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My word: Another look at the template

Readers Lounge By Christine Koech

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On this date exactly a year ago, the online platform of the British newspaper The Independent (www.independent.co.uk) published an article by Olivia Petter, one of its contributors.

In the article, “Five Reasons to Stop Reading Your Children Fairytales Now,” Petter argues that fairytales are full of “prejudicial and archaic stereotypes.” One of the stereotypes Petter mentions is “marriage is the ultimate reward.” She argues that this script is misplaced in a culture “where we’re getting hitched later than ever before and many choose never to marry at all.”

When I came across this article, I reviewed in my mind all the ways that popular culture has influenced modern society’s view of love and marriage. I remembered one influence that is being further perpetuated by social media – that the grass always seems to be greener on the other side.

So what magic is employed by the “happy” couples we see on social media? Those rosy relationships we read about in glossy magazines. You know, the ones that form the basis of books on “successful marriages”?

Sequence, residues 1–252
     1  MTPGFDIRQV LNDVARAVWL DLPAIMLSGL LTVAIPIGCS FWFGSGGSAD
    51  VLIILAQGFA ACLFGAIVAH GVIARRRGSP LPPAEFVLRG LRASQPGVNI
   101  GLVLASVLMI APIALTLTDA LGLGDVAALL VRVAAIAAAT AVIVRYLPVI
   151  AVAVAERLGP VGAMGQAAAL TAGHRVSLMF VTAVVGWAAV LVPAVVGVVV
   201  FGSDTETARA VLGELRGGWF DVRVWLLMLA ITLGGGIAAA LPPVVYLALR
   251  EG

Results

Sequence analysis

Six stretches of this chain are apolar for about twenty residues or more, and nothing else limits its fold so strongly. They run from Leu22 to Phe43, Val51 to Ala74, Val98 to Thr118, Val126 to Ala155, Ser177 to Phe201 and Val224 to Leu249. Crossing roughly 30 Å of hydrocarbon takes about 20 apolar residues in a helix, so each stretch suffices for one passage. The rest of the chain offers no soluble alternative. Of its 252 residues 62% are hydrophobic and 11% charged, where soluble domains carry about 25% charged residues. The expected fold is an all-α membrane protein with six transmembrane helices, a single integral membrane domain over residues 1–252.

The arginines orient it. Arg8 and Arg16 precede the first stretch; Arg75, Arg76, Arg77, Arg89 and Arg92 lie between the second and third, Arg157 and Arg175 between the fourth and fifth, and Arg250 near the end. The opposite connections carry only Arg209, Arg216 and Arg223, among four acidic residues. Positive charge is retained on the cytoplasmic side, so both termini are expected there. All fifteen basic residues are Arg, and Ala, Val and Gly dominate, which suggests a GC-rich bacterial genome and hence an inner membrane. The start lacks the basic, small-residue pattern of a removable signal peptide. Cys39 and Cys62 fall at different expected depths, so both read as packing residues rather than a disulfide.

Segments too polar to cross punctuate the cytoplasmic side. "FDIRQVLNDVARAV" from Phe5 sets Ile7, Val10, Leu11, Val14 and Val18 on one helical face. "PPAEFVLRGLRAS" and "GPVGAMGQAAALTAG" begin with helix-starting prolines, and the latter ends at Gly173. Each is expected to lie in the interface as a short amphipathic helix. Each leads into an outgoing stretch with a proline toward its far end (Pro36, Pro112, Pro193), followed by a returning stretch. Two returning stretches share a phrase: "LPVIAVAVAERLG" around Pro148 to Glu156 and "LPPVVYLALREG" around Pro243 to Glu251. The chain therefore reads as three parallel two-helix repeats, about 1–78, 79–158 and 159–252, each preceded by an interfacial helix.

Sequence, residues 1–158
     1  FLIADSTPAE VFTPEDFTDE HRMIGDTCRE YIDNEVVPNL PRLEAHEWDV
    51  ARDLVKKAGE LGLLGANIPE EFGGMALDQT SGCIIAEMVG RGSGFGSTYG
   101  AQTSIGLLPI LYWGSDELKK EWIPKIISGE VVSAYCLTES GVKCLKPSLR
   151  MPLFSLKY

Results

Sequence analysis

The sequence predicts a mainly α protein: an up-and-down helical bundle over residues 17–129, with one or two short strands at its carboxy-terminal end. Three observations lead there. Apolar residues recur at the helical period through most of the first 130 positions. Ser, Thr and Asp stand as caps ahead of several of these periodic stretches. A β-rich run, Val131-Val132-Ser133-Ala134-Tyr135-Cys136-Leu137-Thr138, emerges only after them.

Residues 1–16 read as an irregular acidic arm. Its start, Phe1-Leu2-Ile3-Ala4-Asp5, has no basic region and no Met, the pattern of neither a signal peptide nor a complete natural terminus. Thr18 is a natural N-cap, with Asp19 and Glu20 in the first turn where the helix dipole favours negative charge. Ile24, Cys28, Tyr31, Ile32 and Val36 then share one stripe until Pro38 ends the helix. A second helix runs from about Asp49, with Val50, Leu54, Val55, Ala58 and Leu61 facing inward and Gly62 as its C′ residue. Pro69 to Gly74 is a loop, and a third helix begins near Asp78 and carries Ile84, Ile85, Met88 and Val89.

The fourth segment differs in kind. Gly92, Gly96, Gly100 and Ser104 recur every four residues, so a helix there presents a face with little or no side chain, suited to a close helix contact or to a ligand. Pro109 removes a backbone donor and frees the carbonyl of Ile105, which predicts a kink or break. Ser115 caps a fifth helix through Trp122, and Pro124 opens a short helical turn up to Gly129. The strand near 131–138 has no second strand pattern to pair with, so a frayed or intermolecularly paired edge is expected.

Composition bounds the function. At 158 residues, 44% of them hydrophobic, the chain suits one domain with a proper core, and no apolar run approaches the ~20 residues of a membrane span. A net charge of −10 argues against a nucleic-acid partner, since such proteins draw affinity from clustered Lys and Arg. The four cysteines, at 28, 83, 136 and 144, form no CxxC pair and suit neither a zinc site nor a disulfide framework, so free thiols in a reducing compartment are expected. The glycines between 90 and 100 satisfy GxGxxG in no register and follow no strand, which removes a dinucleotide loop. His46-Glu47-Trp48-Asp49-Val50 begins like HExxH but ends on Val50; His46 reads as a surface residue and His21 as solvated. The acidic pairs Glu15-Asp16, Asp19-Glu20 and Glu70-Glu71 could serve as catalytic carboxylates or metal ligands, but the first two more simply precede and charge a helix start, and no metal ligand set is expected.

I’ve come to conclude that there really is no magic because magic only exists in fairy tales. Behind the smiles and well-manicured poses are real people who live in real relationships.

The truth is that the love story template has, for so long, concentrated on only one side of the story. Few people tell the story from the other side of “happily ever after” and the result has been lots of people getting into relationships and wondering why they feel short-changed.

So unless we strike a balance in how we portray life, the grass will continue to be greener on the other side or, like the Romans said, the harvest will always seem to be more fruitful in the other man’s field.

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Have a real weekend.

 

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